Decolonizing the Study of Religions
Muslim Intellectuals and the Enlightenment Project of Religious Studies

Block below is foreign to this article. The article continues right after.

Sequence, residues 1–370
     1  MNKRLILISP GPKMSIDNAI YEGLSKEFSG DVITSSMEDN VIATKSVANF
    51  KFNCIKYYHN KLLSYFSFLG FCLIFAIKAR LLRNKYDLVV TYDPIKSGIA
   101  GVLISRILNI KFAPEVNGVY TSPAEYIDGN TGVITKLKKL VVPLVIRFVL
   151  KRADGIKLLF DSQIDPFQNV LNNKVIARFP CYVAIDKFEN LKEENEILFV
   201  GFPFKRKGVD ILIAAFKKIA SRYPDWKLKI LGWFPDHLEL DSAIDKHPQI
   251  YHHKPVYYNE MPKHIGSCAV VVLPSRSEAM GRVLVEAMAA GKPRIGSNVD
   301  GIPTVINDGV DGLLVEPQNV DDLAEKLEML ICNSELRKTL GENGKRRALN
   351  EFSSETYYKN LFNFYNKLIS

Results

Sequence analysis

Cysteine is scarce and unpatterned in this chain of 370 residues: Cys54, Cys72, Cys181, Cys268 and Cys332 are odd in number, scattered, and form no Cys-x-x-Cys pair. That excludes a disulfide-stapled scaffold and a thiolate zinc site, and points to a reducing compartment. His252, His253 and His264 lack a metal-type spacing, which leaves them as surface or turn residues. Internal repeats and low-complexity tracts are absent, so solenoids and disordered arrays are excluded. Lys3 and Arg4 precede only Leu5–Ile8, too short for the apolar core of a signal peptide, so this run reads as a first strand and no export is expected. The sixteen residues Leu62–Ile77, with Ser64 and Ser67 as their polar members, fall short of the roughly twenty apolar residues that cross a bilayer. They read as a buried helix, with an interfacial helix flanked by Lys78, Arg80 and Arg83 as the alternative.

The term â€˜religionâ€™ as a discursive term occupies a dominant, but neglected feature of Muslim intellectual reflections since the 19th century. Intellectuals from Muá¸¥ammad Ê¿Abduh (he died in 1905) to recent scholars like Naá¹£r á¸¤Ämid AbÅ« Zayd (he died in 2010) have used religion as a critical term to develop a critique of tradition and modernity, and a strategy for renewal. This discourse may be compared with the study of religion since the 19th century that has also used religion to develop a perspective on the religious history of humankind. In this contribution, I argue that the two intellectual traditions that have employed religion â€“ Kantian and the modern Islamic â€“ point to very different ways of relating to the world, to the self and the â€˜otherâ€™, and to the political condition of modernity. Rather than using the hegemonic Western tradition to make a judgment on the modern Islamic, I use the latter to point to the formerâ€™s peculiar proclivities. Using the modern tradition among Muslim intellectuals, I invite an inquiry into both from each otherâ€™s positions.
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